Atlas MothAttacus atlas (Linneaus, 1758)

Figure 1: Atlas Moth (Attacus atlas). Photo credit: Leon Krancher (Permission Obtained)

[1.0] Overview

Table of Contents

Ever wonder what’s that organism(s) perching up there? A bat? A moth? Take a guess before checking the answers below!

Figure 2: Photo credits: Sebastian Ow (left); Angela Chan (right)(Permission granted)

Lesser dog-faced fruit bats (left) and an Atlas moth (right) hanging out in the same area! Did you get them right?

You have just stumbled onto a moth that is as large as if not larger than some birds and bats! Not convinced? Take a closer look!

Figure 3: Size comparison between a bird, a bat and the Atlas moth! Image adapted from various sources [1], [2], [3]

More recently, the massive caterpillars of this moth inflicted terror and struck fear into the hearts of Yishun Town residents in April earlier this year, gobbling up the leaves of some of the trees there leaving behind several barren trees.

Figure 4: The Invasion of Yishun? Photos credit: Christopher Yap (Permission obtained)

It even joined the ranks of terrifying occurrences that had happened in Yishun estate such that it made it into a movie trailer (parody)! Check out the trailer below (1mins 22s) even though the caterpillar they featured is wrong......

Yishun terrors! Original video from YouTube by JUO Productions
Are you intrigued by this animal? Wait no longer and continue to read up more about this fascinating creature!Short for time? No worries and click here instead to simply read up the fun facts!

[2.0] Introduction

The Atlas Moth, Attacus atlas, belongs to the family Saturniidae, a family of huge and spectacular moths characterised by hair-like scales covering their body and lobed or sickle-shaped wings that are vibrantly coloured, in addition to having translucent eyespots or “windows” [1] . The Atlas Moth is the only species of saturniid moth present in Singapore [1]. It is often dubbed the largest moth in the world and is commonly found in Southeast Asia and other parts of Asia [1].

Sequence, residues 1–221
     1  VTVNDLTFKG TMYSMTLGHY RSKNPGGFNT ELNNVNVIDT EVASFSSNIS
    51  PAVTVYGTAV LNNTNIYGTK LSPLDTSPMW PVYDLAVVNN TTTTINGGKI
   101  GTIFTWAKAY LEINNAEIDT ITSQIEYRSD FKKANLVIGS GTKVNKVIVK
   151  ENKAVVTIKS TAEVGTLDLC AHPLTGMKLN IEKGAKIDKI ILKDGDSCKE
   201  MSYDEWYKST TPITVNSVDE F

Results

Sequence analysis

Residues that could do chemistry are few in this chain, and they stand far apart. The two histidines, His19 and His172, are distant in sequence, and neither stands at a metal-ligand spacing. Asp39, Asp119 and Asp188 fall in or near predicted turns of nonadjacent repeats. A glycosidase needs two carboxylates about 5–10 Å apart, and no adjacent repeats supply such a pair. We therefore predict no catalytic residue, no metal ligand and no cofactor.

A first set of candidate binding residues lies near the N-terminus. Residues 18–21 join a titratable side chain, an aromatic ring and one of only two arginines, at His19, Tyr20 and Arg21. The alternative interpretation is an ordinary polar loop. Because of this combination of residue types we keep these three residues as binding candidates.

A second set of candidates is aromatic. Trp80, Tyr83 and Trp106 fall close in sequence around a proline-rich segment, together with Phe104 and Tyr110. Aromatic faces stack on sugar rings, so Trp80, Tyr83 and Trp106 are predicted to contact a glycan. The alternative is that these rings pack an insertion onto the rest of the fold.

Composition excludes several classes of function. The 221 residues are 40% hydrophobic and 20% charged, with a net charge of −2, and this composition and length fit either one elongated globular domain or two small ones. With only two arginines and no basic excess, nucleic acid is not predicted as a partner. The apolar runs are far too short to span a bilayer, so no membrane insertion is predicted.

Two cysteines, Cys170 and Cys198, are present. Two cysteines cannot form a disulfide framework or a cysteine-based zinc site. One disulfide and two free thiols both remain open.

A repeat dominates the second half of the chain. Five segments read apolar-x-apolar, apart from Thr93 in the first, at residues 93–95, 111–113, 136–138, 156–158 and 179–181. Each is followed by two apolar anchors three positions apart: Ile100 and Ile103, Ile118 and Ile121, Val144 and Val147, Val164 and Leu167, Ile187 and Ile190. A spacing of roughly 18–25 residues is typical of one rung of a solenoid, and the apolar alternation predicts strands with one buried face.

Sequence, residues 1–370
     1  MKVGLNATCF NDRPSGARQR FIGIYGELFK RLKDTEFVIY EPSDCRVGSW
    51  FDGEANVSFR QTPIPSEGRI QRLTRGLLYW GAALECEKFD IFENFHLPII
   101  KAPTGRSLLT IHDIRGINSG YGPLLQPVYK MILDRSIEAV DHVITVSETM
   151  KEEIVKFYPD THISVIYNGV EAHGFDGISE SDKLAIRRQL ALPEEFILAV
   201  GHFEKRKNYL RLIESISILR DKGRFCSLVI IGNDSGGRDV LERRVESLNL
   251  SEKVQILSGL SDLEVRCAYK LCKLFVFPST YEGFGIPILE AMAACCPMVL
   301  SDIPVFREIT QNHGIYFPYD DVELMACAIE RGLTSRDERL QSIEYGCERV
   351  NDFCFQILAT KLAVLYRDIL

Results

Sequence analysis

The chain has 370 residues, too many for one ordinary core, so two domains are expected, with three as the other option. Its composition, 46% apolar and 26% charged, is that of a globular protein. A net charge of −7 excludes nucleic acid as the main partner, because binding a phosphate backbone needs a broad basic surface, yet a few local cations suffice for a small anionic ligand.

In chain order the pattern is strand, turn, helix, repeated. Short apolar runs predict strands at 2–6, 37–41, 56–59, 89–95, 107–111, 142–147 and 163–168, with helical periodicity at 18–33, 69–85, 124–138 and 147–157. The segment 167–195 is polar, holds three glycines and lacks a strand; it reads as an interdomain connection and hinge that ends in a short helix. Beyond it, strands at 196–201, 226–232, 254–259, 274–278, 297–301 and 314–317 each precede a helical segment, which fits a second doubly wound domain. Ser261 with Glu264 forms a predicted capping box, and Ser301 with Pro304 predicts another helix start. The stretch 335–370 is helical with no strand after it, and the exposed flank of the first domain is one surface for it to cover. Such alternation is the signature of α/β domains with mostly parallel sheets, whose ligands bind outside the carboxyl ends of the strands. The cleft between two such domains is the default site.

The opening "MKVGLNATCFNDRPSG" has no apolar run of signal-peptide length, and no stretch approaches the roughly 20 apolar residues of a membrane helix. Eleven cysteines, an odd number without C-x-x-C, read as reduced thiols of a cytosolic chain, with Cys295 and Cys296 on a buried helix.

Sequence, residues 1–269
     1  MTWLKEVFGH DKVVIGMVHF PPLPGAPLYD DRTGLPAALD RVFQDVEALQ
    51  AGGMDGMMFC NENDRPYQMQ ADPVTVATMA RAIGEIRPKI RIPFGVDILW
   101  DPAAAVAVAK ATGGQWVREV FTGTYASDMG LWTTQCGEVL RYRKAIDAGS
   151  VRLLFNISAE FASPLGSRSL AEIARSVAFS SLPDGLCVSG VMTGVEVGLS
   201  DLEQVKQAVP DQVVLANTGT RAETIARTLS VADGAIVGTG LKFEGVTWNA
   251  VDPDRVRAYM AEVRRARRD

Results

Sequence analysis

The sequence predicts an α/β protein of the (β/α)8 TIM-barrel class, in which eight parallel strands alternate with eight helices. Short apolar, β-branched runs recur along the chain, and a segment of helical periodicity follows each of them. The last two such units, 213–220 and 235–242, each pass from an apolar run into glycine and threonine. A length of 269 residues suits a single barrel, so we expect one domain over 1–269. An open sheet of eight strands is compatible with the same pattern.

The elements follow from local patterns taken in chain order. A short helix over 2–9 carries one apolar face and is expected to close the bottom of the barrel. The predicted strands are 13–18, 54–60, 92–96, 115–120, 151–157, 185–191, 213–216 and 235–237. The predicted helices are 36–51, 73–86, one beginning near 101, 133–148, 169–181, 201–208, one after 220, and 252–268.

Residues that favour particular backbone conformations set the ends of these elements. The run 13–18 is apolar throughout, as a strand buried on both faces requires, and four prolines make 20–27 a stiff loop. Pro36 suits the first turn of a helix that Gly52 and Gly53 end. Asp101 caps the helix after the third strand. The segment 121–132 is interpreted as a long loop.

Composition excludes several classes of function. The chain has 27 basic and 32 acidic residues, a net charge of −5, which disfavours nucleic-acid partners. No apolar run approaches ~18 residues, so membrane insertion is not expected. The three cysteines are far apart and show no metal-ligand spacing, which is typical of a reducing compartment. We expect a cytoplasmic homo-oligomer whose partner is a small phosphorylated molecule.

Figure 5: Check out the magnificience of the Atlas moth! Photo credit: John Horstman (Permission pending)

[3.0] Etymology

(Fun fact #1: What is behind the name Attacus atlas?)

Though the origin of the name of the Atlas moth is uncertain, it certainly holds many interesting meanings and interpretations. Firstly, the species name atlas is thought to be derived from Greek mythology, where Atlas, a colossal God who sided the Titans warred against the Olympian Gods and was punished and burdened with the task to hold the heavens on his shoulders forever [2]. The reference to the name here is simply the large size of the moth [2].

Figure 6: The titan Atlas, bearing the weight of the heavens on his shoulders. Photo credit: GemaLe (Creative Commons)

If you are a fan of Greek Mythology, be marvelled over by the mythological poetry weaved in the family of Saturniid moths. Famous examples of insects named after mythological figures include the Atlas Moth, Hercules Moth, Io Moth and Promethea Moth. Atlas and Prometheus were brothers who fought a war against Zeus [2]. Io was Zeus’ mortal lover but was turned into a cattle by Zeus to hide from his wife [2]. Io met Prometheus, who was chained to Mt. Caucasus by Zeus, when she was wandering in suffering [2]. Prometheus consoled her that she will be restored to human and will be the ancestresses of a glorious hero [2]. That turned out to be Hercules, one of the greatest hero of the mythological world, who eventually freed Prometheus [3]. Through the common names of the moths, Atlas, Hercules, Io and Prometheus have been reunited in the same family, Saturniidae.